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Residents Remain Concerned About Oil Field Agreement

Some question whether a settlement to regulate oil wells and air pollution in Culver City will ensure the community's safety.

The Culver City Democratic Club hosted a community forum Wednesday to shed more light on the recent settlement between Culver City and Plains Exploration & Production Co. (PXP) and Los Angeles County that marked an end to a five-year effort to curtail and mitigate the effects of oil drilling on Culver City.

The Inglewood Oil Field Agreement, which was signed July 5, will limit new oil wells, monitor air quality, check groundwater, reduce noise pollution and put in new landscaping by using a local workforce. This agreement is a settlement of a lawsuit that was filed against Los Angeles County and PXP two years ago by Culver City and local environmental groups, who wanted more stringent regulations on oil drilling in the field that abuts many Culver City homes.

Karly Katona, the environmental deputy for county Supervisor Mark Ridley-Thomas, said at the meeting that the settlement of the lawsuit was the best way to handle 15 mitigation points including a study on hydraulic fracturing for gas (also known as fracking), well abandonment contamination issues, transparency about additives going into groundwater, limiting the oil rigs and moving the drilling toward the center of the oil field, away from the borders. 

Chief among the questions asked at the meeting was the cost of oil well cleanup as well as assurance to the community that it would take place.

Former Culver City Democratic Club President Tom Camarella said there is only a $2 million bond in place for cleanup of the oil wells, even though he had researched the cost of cleanup per well, which would be $500,000. With 2,000 wells, the price tag would total $1 billion, he said.

“I want to know what exactly are the contaminates? I asked this of the oil company at a previous town hall meeting and they said they would pay for any contamination. Does this mean they will provide drinking water for residents for 40 years? A $2 million bond is not enough,” Camerella said. Katona responded by saying that bond amounts are controlled by the state.

Said John Kuechle, a Culver Crest resident and attorney who has been heavily involved with getting Los Angeles County to adopt regulations for oil drilling on the field: “While these are huge steps in the right direction in some ways, they are only partial steps. We have 1,000 acres of prime land in horrible condition—the county must find a way for the oil companies to release the land for something better and more productive than an oil field,” he said. Kuechle and Katona were leading the panel at the meeting to answer audience questions.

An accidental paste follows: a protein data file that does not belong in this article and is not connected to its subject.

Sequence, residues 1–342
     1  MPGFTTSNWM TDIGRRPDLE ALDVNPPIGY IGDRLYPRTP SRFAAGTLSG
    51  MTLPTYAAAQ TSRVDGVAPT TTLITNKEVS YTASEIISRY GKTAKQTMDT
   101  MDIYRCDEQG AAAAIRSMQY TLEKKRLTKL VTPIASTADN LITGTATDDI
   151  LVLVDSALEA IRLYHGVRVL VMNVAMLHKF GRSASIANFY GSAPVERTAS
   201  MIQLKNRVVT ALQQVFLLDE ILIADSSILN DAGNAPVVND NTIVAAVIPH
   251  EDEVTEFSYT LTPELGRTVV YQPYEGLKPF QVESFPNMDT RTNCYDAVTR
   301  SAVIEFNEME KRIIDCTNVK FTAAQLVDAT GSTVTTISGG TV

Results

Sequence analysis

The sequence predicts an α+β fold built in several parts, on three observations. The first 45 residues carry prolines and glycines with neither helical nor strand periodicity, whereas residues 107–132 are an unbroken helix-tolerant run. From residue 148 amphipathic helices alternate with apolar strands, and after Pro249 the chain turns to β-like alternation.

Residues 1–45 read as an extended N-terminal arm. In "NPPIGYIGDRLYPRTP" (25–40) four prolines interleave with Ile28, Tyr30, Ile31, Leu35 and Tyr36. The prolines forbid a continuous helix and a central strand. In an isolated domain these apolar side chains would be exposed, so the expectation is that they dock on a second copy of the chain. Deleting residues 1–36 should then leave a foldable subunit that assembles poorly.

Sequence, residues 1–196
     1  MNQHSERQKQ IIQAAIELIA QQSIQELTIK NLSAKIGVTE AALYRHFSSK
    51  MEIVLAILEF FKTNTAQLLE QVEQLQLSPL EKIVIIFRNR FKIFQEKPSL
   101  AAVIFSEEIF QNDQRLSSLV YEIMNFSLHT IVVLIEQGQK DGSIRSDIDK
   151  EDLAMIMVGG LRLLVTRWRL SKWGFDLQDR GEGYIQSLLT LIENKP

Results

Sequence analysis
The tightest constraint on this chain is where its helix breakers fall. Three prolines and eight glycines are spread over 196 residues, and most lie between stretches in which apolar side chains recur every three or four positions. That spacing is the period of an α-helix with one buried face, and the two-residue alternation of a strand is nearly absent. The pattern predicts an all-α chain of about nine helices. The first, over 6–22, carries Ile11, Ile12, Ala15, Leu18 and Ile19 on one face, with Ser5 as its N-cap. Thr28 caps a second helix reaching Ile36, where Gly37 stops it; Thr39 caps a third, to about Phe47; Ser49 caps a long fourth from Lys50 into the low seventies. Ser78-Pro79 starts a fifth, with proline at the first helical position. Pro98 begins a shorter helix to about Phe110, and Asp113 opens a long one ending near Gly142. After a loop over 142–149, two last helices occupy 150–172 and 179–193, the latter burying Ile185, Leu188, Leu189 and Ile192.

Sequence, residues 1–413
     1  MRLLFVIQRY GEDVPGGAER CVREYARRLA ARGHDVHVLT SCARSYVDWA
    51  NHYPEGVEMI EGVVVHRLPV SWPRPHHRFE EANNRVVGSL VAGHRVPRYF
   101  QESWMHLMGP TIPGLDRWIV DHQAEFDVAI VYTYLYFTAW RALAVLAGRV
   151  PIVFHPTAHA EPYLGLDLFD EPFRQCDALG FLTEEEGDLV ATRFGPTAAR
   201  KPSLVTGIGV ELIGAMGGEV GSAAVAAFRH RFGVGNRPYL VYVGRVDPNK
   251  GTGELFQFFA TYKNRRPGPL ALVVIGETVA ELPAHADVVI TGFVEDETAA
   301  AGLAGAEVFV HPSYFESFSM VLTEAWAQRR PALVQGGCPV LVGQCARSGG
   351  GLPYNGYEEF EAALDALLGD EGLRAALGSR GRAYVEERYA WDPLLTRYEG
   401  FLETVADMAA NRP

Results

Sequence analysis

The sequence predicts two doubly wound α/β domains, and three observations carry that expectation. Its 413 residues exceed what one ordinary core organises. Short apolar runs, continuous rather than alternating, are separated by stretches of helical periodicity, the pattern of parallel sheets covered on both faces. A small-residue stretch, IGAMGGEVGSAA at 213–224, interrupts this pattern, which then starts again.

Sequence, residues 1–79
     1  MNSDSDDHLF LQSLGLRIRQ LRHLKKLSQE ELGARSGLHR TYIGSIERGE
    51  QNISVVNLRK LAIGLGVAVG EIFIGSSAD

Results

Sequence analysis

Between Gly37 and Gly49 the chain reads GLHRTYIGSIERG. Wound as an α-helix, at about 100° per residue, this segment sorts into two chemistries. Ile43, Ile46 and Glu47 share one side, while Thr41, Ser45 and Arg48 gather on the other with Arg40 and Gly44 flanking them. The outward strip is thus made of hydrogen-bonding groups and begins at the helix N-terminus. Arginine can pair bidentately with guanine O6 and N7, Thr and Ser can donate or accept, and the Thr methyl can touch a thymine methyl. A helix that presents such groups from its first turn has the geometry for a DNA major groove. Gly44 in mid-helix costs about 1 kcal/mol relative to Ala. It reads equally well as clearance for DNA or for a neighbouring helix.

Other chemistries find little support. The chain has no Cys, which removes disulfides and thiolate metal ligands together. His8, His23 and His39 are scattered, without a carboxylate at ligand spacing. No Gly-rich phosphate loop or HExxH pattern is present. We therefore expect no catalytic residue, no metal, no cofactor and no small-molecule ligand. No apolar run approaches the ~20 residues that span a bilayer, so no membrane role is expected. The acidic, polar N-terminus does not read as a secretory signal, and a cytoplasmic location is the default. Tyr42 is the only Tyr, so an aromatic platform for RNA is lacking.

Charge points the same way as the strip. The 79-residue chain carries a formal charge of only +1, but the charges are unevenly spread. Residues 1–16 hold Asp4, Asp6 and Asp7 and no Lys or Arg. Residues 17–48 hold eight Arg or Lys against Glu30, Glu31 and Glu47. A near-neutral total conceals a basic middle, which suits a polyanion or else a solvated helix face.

He also added that the county needs to gain control of the land rights in order to shrink the field, thereby moving the drilling to the center, and the ultimate cleanup of the damaged land.

The agreement does not address these issues at all, according to Kuechle: “There’s a reason these two steps are not addressed in the agreement—they are the most difficult because the oil companies plan to stay forever,” he told Patch after the meeting.

Resident Mim Shapiro asked Katona why property damage is not addressed in the agreement.

“My husband and I heard a high-pitched sound we had never heard before that lasted six to seven seconds. It was so loud I thought the roof was going to fall in. Then a few days later I noticed new 8-foot cracks on my walls that were not there even after earthquakes,” Shapiro said. Kotana told the audience she had been to Shapiro’s home and is addressing the allegations.

“Attributing the damage to the right source is a complicated issue,” Katona said.

The meeting ended with a discussion about the future of the regulations and their enforcement, to which Katona asserted that the county has hired an outside agency to monitor and enforce them. But she also acknowledged that it’s a challenging situation.

Overall, Katona seemed pleased with the new settlement.

“Over the past two and half years this lawsuit has been my top priority as the environmental deputy for Ridley-Thomas and we are happy with the outcome. The agreement covers each of the core elements the supervisor was concerned about; sight, sound, smell and safety—we don’t like being sued by our friends,” Katona said, referring to Culver City and the other three plaintiffs in the suit against L.A. County.

But, at least from the meeting’s standpoint, residents don’t seem to share the same opinion. Ronnie Jayne, past president of the Culver City Democratic Club, is concerned and feels there are more questions to be asked.

“If they are going to be here for 100 years, I guess only time will tell and we will eventually know the answers,” Jayne said.

Click to read detailed information regarding the agreement on the Supervisor Mark Ridley-Thomas website.

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